// Release the wake lock provided by the WakefulBroadcastReceiver.
        GcmBroadcastReceiver.completeWakefulIntent(intent);
    }

    // Put the message into a notification and post it.
    private void sendNotification(String msg) {
        NotificationManager mNotificationManager = (NotificationManager)
                this.getSystemService(Context.NOTIFICATION_SERVICE);

        Intent notificationIntent = new Intent(this, NotificationMessageActivity.class);
        notificationIntent.putExtra(NotificationMessageActivity.NOTIFICATION_MESSAGE, msg);

        TaskStackBuilder stackBuilder = TaskStackBuilder.create(this);
        // Adds the back stack
        stackBuilder.addParentStack(NotificationMessageActivity.class);
        // Adds the Intent to the top of the stack
        stackBuilder.addNextIntent(notificationIntent);
        // Gets a PendingIntent containing the entire back stack
        PendingIntent contentIntent =
                stackBuilder.getPendingIntent(0, PendingIntent.FLAG_UPDATE_CURRENT);

        NotificationCompat.Builder mBuilder = new NotificationCompat.Builder(this)
                .setSmallIcon(R.mipmap.ic_launcher)
                .setContentTitle(getString(R.string.notification_title))
                .setStyle(new NotificationCompat.BigTextStyle()
                        .bigText(msg))
                .setContentText(msg)
                .setAutoCancel(true);

        mBuilder.setContentIntent(contentIntent);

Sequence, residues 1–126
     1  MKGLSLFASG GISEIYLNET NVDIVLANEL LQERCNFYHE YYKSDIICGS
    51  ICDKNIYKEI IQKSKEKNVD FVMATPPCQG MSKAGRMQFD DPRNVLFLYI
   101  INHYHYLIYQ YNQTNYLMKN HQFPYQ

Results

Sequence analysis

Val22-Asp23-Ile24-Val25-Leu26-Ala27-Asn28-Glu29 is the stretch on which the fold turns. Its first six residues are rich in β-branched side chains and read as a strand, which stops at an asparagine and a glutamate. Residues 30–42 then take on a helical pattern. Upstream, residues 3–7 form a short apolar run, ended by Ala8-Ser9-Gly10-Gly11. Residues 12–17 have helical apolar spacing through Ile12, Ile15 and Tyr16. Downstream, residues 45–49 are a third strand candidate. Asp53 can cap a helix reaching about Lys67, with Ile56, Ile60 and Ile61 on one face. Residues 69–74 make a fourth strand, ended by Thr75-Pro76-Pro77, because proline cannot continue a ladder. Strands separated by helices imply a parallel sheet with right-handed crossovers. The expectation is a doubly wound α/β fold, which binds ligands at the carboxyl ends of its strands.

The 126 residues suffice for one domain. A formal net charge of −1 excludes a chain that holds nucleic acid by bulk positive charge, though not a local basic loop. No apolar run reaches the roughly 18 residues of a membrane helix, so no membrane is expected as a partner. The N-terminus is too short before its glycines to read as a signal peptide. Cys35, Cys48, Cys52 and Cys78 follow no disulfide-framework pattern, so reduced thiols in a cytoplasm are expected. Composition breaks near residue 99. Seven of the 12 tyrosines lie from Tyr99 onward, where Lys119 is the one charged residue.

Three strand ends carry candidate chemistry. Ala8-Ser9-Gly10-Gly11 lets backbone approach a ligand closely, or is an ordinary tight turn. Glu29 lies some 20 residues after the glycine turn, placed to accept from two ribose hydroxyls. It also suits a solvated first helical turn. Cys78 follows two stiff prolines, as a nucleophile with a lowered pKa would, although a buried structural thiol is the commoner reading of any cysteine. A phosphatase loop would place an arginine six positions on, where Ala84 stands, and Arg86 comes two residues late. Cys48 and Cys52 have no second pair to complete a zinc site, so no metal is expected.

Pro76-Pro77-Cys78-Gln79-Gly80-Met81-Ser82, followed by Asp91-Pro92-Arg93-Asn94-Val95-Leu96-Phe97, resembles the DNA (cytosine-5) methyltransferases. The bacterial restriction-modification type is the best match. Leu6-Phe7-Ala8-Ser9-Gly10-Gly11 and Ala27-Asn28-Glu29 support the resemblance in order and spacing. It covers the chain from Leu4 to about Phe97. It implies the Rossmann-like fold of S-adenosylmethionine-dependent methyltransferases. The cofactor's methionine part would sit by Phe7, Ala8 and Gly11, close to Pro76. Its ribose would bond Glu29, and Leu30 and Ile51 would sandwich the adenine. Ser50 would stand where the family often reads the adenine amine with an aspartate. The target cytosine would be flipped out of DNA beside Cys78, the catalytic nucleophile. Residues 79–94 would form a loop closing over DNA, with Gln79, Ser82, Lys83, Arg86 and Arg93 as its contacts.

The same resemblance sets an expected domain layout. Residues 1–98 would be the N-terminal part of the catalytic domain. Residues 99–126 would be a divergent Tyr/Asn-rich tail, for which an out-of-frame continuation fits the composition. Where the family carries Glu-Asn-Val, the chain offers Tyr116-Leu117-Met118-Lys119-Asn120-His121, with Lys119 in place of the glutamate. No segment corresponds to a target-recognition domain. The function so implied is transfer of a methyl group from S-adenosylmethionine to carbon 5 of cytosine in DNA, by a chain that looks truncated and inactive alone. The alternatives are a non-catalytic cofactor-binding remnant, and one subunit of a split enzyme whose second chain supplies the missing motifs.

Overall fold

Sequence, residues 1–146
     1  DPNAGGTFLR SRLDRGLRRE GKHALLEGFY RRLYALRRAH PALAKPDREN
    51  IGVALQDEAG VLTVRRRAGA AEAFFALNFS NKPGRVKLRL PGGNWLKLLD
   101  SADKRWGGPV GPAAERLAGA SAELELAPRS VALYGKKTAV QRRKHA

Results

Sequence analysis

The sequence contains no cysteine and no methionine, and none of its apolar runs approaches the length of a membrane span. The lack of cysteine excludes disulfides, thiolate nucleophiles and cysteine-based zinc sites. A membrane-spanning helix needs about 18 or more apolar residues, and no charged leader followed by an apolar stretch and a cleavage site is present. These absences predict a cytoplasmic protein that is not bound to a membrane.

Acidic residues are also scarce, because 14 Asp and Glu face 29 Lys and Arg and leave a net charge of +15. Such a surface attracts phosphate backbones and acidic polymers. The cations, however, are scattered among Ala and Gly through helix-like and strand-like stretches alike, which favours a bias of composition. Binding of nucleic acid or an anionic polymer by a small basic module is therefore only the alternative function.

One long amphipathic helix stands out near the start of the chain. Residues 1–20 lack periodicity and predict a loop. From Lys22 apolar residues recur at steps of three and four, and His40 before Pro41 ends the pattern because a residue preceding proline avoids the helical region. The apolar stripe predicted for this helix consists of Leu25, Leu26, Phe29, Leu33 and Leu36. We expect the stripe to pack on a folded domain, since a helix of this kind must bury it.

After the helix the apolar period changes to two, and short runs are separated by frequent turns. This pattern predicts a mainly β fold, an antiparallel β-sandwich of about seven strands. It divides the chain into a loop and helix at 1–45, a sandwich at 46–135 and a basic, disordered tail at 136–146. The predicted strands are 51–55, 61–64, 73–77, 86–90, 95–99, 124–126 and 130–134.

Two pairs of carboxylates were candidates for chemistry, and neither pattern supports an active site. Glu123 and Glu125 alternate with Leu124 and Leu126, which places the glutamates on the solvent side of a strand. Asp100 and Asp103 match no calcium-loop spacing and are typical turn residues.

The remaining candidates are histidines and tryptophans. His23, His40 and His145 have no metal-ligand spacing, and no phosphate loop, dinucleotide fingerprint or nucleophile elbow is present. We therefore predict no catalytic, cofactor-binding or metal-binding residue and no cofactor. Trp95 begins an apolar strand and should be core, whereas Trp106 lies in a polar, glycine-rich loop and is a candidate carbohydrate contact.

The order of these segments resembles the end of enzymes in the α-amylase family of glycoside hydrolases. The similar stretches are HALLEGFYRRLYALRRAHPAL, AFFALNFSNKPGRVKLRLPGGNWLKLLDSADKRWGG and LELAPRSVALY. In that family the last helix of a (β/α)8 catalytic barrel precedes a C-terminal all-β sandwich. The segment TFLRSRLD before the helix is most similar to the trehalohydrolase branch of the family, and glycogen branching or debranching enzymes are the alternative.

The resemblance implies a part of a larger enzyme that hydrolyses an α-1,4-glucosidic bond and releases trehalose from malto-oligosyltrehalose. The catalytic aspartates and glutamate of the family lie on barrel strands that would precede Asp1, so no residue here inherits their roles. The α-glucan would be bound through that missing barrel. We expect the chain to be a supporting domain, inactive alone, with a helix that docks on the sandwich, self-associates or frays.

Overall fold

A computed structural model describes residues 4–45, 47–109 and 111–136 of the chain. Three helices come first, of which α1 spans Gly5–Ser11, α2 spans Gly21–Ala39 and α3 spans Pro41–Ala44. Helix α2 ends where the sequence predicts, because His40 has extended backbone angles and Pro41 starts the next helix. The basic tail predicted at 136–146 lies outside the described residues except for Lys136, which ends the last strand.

Notification notification = mBuilder.build();
        notification.defaults |= Notification.DEFAULT_VIBRATE;
        notification.defaults |= Notification.DEFAULT_SOUND;

        mNotificationManager.notify(NOTIFICATION_ID, notification);
    }
}

As well as we did with the receiver, we need to define the IntentService in the application manifest in order to have it available in our app.

<service android:name=".network.gcm.GcmIntentService" />

Permissions

Your application must request some permissions to the Android system.

<uses-permission android:name="android.permission.INTERNET" />
<uses-permission android:name="android.permission.VIBRATE" />
<uses-permission android:name="android.permission.WAKE_LOCK" />
<uses-permission android:name="com.google.android.c2dm.permission.RECEIVE" />
<uses-permission android:name="android.permission.READ_PHONE_STATE" />

<permission
 android:name="com.example.gcm.permission.C2D_MESSAGE"
 android:protectionLevel="signature" />

<uses-permission android:name="com.example.gcm.permission.C2D_MESSAGE" />

 

Example code